COVID-19 will be a reality for the “foreseeable future,” Canada’s top doctors are warning as the country is facing yet another resurgence of the virus.
The forecast comes as Canada experiences an uptick in cases in many jurisdictions across the country, with a 28 per cent increase in daily average case counts as of March 31, according to the Public Health Agency of Canada (PHAC).
The latest surge will be Canada’s sixth wave of COVID-19 since the pandemic began.
“COVID-19 will be with us for the foreseeable future,” said deputy chief public health officer Dr. Howard Njoo, speaking in French on Friday.
Because of this reality, Canada is preparing for two scenarios, he added.
The first is the most likely scenario, in which COVID-19 continues to resurge in small, manageable waves. The second, less likely option, is that a new, severe and vaccine-evasive strain of the virus could emerge, which could substantially impact our healthcare systems.
“While we need to be prepared for a worst-case scenario, in the near term, our most significant risk may be a resurgence that coincides with the return of other seasonal respiratory viruses,” Njoo said.
“This is why now is a crucial time to focus on preparedness, in addition to recovery.”
COVID-19: Canadians aged 50+ should get 4th dose to protect against severe disease, Tam says
The uptick in COVID-19 cases was partially driven by the highly transmissible BA.2 subvariant of Omicron, PHAC officials said.
But provinces across Canada have recently dropped a number of COVID-19 restrictions in most settings, including masking and proof of vaccination. The decision to lift these restrictions — and Canadians’ increased social activity that followed — has played a role in the rising case counts Canada is experiencing right now too, chief public health officer Dr. Theresa Tam said on Friday.
She added that indicators of severe illness, like hospitalization and ICU admissions, have been “levelling off.” While there are different trends in different regions of the country, Tam said she expects these severe illness indicators to “follow the rising trends of cases, to some degree, over the coming weeks.”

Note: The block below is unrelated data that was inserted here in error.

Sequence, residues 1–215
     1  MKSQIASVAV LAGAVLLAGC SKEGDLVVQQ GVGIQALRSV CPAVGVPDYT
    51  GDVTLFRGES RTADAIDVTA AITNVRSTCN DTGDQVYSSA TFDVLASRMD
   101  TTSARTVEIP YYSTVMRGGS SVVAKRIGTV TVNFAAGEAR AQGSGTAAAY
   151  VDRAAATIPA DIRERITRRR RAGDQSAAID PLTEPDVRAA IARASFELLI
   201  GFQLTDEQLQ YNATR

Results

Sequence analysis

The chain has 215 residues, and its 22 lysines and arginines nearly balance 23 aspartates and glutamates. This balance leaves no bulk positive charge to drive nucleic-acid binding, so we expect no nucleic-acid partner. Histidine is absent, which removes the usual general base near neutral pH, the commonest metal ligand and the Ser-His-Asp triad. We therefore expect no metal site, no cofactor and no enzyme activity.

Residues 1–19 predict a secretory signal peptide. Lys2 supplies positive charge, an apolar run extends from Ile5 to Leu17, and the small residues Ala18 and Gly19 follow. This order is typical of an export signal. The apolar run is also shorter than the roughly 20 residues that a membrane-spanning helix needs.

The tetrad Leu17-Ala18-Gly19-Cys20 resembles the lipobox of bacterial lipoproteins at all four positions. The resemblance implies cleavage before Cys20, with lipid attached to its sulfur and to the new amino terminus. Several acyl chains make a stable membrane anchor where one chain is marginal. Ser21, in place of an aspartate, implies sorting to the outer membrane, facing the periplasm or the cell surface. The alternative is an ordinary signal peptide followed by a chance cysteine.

Canada’s health system is, however, expected to be able to withstand this uptick, she later said.
This is a trend we will continue to see play out in the months ahead as Canada enters what she called a “period of transition” with the virus.
“We anticipate that progress will not be linear and that … there will likely be more bumps along the way, including resurgence in cases this spring and likely also in the fall and winter,” Tam said.
While the top doctors say these bumps are inevitable, there are things Canadians can do to cushion the blow of a COVID-19 resurgence.
One such protective measure, Tam said, is getting your booster shot of a COVID-19 vaccine.
There are more than five million Canadians who have yet to finish their initial series of the COVID-19 vaccines, according to PHAC, and just over 47 per cent of Canadians have gotten their booster2.
But boosters are proving to be a powerful tool in preventing hospitalizations.
From February to mid-March, Canadians who were fully vaccinated were four times less likely to end up in the hospital with COVID-19 when compared with those who were unvaccinated, according to PHAC.
Once a booster enters the mix, PHAC added, Canadians were 10 times less likely to be hospitalized with COVID-19 than those who are unvaccinated.
“Please do go get that booster. People think it’s maybe too late, we don’t need it, we just had the infection — any adult over 18 years of age, when you’re eligible, go get the booster now, because that will protect you further,” Tam said.
COVID-19: People should continue to wear masks despite relaxed mandates, says Tam
She added that as cases continue to rise, Canadians can continue to mitigate the strain rising cases of COVID-19 put on our healthcare system by beefing up their personal protective measures, including by wearing a mask, even if it’s not mandated.
“The bottom line is, everybody, right now, I think, should still wear the mask,” Tam said.
“Keep those layers of measures, no matter where you are in this country.”
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